YORKSHIRE STARS GET CHECKED FOR SKIN CANCER
YORKSHIRE County cricketers have been screened for signs of skin cancer at a special clinic held today – Friday, April 10th – at Chapel Allerton Hospital, Leeds, in partnership with Yorkshire Cancer Research.
Today’s screening coincides with the death of former Australia captain and commentator Richie Benaud, who passed away this morning aged 84 while being treated for the disease.
First team players including Andrew Gale, Steven Patterson, Tim Bresnan and Richard Pyrah attended appointments at the hospital’s Dermatology clinic as part of the charity’s Sun Awareness campaign.
Yorkshire Cancer Research is the official charity partner of Yorkshire County Cricket Club for the 2015 and 2016 seasons. Throughout the summer the two organisations will work together to raise awareness of skin cancer across the 747 cricket clubs in the county and highlight the importance of wearing the right headgear, clothes and sunscreen while watching cricket and playing the game.
Cases of a type of skin cancer called malignant melanoma in Yorkshire have increased by 170% over the past 25 years according to statistics provided by Public Health England. The increase is considered to be linked to changes in sun-related behaviour and more holidays abroad. Cricketers have a particularly high risk of developing melanoma due to the amount of time they spend in the sun.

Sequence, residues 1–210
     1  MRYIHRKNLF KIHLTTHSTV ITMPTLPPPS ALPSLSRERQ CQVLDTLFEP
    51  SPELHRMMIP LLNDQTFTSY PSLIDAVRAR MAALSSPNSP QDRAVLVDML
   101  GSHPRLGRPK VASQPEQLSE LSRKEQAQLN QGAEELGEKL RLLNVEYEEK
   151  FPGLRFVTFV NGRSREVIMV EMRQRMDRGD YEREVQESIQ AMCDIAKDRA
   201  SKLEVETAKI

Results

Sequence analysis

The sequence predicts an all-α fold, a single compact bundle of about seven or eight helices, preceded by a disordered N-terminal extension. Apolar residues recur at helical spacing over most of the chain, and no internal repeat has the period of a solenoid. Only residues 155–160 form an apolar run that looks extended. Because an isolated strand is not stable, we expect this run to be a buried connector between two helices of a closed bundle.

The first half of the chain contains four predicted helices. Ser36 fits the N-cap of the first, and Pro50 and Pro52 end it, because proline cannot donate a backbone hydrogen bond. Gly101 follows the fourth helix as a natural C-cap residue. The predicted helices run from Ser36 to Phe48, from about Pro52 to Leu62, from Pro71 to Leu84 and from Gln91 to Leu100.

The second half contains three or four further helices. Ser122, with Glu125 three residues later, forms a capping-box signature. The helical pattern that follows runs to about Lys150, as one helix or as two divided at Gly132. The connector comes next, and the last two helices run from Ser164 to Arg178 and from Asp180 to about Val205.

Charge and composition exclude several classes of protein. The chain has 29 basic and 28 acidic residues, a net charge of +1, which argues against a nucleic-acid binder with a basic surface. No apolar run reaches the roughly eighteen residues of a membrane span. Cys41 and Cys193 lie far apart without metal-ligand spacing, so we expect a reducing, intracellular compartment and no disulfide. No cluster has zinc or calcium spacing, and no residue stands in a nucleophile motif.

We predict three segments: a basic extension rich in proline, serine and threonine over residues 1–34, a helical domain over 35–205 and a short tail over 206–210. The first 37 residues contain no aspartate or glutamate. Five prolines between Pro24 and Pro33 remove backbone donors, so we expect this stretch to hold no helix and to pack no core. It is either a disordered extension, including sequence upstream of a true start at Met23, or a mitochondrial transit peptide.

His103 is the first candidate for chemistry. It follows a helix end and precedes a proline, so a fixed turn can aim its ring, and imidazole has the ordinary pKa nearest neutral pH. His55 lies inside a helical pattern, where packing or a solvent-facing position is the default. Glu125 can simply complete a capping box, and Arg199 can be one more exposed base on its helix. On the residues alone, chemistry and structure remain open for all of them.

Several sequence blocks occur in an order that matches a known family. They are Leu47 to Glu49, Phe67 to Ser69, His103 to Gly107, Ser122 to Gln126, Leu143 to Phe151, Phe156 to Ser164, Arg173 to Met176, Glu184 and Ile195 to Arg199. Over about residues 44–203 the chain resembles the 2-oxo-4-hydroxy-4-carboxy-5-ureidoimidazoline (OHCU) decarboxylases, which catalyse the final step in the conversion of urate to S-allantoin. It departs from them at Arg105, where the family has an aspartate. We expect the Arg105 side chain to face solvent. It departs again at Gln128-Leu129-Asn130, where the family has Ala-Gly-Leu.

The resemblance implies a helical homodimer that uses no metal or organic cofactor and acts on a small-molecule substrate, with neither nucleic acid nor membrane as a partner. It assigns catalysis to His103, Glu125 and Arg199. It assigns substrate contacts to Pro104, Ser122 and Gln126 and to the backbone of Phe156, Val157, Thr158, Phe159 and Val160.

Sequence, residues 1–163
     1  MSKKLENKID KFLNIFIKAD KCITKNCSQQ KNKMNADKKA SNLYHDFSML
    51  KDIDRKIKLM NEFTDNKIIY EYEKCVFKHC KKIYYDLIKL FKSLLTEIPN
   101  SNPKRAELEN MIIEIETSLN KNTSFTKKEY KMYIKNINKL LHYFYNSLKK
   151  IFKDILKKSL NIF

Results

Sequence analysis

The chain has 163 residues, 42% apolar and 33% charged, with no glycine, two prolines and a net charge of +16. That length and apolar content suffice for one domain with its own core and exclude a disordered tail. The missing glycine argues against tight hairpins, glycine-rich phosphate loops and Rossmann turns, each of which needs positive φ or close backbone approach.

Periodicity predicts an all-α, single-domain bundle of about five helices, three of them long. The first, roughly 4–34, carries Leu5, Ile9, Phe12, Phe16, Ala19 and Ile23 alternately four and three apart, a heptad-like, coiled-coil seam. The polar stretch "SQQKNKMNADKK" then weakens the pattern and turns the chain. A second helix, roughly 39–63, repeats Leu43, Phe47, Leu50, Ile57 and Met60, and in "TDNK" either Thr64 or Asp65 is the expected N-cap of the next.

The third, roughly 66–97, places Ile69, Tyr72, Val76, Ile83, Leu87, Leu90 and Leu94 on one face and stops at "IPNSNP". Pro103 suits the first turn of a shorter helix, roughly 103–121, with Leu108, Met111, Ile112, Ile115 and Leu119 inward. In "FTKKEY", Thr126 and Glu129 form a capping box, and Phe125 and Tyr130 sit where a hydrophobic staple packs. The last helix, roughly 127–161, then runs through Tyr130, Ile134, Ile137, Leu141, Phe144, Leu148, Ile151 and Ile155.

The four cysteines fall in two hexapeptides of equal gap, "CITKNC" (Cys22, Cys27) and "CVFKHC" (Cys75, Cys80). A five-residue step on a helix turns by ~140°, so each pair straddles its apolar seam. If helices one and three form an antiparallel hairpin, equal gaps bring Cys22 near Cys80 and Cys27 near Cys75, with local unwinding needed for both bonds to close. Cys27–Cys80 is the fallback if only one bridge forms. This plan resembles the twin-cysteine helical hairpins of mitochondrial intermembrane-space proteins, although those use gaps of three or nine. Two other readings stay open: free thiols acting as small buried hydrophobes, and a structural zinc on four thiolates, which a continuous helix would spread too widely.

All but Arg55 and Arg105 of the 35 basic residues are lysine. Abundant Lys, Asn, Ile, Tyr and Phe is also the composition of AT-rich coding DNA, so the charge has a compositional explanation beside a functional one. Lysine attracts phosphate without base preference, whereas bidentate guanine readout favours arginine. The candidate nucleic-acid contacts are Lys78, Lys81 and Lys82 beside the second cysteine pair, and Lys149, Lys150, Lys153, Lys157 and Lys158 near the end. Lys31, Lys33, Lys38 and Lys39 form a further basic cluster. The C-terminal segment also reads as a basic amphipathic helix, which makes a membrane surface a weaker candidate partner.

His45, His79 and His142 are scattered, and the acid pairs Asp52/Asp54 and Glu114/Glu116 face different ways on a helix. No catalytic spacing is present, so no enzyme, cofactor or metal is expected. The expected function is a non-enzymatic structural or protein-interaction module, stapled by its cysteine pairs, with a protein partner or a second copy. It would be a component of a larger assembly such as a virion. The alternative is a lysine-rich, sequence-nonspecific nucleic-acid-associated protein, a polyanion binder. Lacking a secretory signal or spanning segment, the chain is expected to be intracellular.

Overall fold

Yorkshire Captain Andrew Gale said: “Today is a very sad day for cricket. Richie Benaud was a massive icon in the game not just as a player but as a commentator as well, so it’s very apt that we’ve just been tested for skin cancer.
“As cricket players we spend a lot of time out in the sun in the summer so it’s definitely beneficial for the lads to see the doctors and get checked out. We’re also keen to raise awareness among people at cricket clubs throughout Yorkshire and our partnership with Yorkshire Cancer Research is really helping us spread the word.”
Dr Wal Hussain, Consultant Dermatologist at Chapel Allerton Hospital, part of Leeds Teaching Hospitals NHS Trust, said: “One of the things we try and educate people about is the importance of early detection in diagnosing and curing skin cancer and this is where the role of screening is so important. If you are worried the first step is to go and have a chat with your GP. The phrase we’re trying to promote is ‘If in doubt, check it out’.”
Dr Yvette Oade, Chief Medical Officer at Leeds Teaching Hospitals NHS Trust and Trustee at Yorkshire Cancer Research, added: “It’s fantastic to see Yorkshire’s cricketers leading the way in cancer screening and setting an example to sports people and supporters across the county. It’s extremely important to wear high factor sunscreen when outdoors for a long period of time, be aware of any unusual changes to the skin and see your doctor if you are worried. With skin cancer incidence rates in Yorkshire rising at an alarming rate, it’s vital that we drive home this message.”